History of poor nutrition, weight loss precedes height loss

Nutritional history

Genetic conditions

Turner syndrome

Short stature, webbed neck, characteristic facies, short metacarpals, broad chest with widely spaced nipples, hyperconvex fingernails and toenails; may be normal appearing; decreased growth velocity and delayed puberty

Follicle-stimulating hormone, karyotyping


IGF = insulinlike growth factor; IGFBP = insulinlike growth factor binding protein.

*—Children with familial short stature or idiopathic short stature have a bone age equivalent to their chronologic age, and children with constitutional delay of growth and puberty or endocrine disorders have a bone age that is less than their chronologic age. Because the bone age of a child with endocrine diseases will progressively fall behind chronologic age, calculating bone age every 12 months might be useful.

Information from references 1, 2, 4, and 16 through 18.

If the initial evaluation suggests a genetic, endocrine, or gastrointestinal disorder, laboratory testing should be performed (Table 4).1,3,13,14,16,19,20 In an asymptomatic child with short stature, an evaluation of the growth curve may provide clues to the underlying pathology. Underweight in a child with short stature suggests a systemic illness or malnutrition, whereas overweight suggests an endocrine disorder.2,21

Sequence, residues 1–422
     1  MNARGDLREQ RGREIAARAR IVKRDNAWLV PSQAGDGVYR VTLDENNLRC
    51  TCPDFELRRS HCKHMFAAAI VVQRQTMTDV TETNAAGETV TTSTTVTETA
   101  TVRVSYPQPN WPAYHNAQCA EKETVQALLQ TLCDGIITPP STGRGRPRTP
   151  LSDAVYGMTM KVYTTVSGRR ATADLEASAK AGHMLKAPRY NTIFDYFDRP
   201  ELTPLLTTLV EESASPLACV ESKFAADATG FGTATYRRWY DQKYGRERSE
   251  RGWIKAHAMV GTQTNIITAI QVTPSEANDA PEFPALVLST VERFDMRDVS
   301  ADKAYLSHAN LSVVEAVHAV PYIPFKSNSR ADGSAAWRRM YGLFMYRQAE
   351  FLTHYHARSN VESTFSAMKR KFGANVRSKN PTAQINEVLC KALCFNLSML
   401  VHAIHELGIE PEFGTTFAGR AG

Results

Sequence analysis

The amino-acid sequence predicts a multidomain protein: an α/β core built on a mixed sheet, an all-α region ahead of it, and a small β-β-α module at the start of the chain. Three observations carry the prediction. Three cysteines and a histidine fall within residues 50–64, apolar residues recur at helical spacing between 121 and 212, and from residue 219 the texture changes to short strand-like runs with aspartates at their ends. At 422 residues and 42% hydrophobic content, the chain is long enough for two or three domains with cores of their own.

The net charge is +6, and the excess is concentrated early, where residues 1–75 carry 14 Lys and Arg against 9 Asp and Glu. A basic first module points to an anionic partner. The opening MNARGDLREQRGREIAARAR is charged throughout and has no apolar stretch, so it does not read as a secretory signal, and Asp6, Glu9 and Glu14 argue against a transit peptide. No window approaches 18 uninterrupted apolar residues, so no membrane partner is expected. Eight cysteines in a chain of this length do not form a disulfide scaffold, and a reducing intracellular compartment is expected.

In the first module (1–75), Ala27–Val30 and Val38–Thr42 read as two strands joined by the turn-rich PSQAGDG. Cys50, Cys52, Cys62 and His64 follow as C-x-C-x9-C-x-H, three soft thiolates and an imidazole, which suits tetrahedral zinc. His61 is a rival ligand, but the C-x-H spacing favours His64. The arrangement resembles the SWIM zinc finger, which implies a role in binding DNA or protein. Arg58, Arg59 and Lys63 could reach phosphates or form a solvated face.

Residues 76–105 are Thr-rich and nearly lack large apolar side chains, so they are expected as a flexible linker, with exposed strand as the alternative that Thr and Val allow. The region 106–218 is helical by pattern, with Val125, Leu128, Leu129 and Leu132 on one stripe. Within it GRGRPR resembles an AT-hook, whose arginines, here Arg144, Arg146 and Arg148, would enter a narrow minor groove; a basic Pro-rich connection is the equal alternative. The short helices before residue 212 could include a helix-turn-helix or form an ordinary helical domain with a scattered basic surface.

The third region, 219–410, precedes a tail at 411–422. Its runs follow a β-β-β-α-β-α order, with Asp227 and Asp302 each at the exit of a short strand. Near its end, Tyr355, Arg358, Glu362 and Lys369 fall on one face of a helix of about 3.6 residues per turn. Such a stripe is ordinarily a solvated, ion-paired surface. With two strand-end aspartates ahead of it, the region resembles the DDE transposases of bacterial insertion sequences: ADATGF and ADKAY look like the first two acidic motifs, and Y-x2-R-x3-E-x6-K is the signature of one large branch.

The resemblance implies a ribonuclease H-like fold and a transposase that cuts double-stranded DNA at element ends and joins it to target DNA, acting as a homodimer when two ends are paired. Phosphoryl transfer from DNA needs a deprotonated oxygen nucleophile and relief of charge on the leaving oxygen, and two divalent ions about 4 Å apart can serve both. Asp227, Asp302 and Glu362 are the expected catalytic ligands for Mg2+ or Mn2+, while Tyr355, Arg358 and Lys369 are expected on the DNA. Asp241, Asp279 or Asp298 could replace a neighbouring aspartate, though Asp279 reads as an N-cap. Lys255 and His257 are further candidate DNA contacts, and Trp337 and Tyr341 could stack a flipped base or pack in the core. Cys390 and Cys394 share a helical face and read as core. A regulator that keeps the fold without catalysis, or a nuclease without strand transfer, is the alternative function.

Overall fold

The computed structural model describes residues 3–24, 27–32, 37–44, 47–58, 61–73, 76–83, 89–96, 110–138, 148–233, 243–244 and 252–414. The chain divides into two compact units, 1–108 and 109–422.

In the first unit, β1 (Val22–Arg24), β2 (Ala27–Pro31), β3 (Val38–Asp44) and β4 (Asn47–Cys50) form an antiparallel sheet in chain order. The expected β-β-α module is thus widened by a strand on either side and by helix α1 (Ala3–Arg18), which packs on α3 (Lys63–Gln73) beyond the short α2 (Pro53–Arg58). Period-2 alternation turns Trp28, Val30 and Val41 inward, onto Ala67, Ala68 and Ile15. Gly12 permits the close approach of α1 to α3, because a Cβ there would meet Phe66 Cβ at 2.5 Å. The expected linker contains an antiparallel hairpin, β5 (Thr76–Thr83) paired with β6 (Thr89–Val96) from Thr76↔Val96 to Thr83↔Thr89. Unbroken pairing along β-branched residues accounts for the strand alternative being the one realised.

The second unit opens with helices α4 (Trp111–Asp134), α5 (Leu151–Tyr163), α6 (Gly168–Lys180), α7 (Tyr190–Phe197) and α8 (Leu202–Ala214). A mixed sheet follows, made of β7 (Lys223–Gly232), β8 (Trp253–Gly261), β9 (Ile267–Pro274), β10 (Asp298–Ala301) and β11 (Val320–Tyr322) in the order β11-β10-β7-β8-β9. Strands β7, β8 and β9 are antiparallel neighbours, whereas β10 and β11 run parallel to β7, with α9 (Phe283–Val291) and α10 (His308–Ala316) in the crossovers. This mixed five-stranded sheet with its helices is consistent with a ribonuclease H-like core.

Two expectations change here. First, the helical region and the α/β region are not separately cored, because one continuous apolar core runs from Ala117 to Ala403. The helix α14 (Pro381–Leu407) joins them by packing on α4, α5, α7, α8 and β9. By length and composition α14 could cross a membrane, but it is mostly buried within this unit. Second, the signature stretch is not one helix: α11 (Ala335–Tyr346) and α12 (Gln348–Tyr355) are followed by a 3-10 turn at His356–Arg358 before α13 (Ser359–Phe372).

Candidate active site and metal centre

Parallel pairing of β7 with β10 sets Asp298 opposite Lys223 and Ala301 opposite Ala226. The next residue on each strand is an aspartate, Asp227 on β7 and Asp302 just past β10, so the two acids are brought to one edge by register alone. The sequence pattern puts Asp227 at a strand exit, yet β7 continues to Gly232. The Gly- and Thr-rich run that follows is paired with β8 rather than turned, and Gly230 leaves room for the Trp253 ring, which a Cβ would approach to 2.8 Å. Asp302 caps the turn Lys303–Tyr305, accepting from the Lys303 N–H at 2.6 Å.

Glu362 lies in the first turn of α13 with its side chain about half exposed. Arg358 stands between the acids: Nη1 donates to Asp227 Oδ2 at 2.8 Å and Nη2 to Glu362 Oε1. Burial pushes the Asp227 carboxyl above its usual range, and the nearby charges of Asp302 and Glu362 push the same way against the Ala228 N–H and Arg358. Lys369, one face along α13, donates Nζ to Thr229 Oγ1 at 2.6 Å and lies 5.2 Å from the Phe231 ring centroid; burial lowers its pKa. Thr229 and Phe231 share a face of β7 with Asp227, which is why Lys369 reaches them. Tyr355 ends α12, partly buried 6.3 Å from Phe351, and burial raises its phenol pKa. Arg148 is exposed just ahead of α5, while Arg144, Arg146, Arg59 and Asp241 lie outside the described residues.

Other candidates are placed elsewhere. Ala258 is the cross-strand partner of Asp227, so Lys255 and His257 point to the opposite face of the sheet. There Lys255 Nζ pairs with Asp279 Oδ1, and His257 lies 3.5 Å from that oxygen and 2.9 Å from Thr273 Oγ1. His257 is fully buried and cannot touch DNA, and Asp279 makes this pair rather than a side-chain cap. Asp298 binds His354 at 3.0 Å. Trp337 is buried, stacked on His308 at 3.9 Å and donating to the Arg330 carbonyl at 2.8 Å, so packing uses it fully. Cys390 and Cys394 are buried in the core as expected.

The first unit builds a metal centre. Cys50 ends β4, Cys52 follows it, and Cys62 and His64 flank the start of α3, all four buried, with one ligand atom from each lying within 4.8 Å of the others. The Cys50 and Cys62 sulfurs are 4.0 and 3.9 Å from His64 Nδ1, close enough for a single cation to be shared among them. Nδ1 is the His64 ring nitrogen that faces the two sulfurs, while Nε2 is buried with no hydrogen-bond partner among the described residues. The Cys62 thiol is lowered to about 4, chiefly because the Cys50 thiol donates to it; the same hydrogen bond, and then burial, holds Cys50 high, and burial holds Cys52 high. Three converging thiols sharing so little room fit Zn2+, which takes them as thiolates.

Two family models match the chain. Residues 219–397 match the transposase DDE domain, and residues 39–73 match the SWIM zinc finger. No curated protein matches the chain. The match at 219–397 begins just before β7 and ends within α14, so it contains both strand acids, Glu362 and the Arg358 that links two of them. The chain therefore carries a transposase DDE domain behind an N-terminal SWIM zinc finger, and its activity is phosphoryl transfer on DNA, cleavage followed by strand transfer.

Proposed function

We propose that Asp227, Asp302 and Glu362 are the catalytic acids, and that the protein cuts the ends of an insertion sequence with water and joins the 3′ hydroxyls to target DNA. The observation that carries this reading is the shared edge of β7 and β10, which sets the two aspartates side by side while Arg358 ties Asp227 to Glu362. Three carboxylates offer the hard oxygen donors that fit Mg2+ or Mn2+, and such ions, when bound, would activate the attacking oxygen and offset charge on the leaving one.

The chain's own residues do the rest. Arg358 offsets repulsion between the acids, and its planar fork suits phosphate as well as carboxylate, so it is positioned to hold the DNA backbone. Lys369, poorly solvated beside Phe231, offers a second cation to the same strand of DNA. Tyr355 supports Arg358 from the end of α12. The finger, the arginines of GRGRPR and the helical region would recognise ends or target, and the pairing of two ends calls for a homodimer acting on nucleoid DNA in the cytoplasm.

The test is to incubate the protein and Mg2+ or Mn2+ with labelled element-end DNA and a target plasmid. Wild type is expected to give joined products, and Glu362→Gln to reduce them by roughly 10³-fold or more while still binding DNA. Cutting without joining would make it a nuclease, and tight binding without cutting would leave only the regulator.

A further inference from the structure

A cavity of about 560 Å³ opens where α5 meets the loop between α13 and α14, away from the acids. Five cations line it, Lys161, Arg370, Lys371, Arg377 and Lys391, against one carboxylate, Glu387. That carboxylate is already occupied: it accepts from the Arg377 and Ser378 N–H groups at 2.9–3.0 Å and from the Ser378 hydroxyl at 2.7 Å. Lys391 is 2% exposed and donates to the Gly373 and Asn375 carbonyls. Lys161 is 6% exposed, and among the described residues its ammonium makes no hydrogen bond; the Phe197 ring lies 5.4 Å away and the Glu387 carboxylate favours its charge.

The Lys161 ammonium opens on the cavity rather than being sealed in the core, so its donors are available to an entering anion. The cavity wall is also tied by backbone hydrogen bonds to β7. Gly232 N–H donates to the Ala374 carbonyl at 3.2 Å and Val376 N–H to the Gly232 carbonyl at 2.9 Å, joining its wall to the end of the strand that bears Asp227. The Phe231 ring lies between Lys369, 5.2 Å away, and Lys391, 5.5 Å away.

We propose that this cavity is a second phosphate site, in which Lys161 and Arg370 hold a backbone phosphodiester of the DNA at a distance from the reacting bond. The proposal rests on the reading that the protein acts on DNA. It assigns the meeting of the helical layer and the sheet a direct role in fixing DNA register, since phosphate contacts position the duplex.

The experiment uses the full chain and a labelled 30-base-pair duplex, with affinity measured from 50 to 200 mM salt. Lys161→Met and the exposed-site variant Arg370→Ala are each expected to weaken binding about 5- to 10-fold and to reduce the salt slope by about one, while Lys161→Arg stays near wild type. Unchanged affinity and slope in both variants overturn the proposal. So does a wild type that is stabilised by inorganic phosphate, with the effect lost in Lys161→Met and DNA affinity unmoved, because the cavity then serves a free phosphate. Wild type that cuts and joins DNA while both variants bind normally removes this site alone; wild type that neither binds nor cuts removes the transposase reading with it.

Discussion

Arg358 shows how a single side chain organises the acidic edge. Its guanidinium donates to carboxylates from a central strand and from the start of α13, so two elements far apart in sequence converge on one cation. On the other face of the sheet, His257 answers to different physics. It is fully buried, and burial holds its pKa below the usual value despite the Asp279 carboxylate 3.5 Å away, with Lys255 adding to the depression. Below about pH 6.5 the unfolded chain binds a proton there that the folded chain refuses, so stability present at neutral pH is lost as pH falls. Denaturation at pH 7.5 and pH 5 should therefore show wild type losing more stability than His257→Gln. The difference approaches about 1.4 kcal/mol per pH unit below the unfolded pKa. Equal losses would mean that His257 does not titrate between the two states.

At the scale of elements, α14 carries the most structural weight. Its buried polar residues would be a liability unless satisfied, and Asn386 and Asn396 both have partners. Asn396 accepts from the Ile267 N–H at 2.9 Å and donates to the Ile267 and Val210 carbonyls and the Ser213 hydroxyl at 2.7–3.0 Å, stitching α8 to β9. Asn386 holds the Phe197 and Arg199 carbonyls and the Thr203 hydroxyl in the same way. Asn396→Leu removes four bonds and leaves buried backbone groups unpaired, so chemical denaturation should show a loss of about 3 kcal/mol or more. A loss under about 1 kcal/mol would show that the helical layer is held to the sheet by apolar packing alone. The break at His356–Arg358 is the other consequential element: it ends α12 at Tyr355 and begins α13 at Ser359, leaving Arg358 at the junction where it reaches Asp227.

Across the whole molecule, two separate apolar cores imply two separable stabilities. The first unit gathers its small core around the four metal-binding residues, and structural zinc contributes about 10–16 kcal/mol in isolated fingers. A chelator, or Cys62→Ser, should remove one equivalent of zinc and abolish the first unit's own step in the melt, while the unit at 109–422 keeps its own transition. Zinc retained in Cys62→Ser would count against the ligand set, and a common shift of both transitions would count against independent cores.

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Table 4.

Suggested Laboratory Tests for Children with Short or Tall Stature

TestIndication

Short stature

Complete blood count

Anemia

Comprehensive metabolic panel

Hepatic and renal diseases

Erythrocyte sedimentation rate, C-reactive protein

Inflammatory bowel disease

Follicle-stimulating hormone, karyotyping

Turner syndrome

Insulinlike growth factor 1*

Growth hormone deficiency

Thyroid-stimulating hormone, free thyroxine (T4)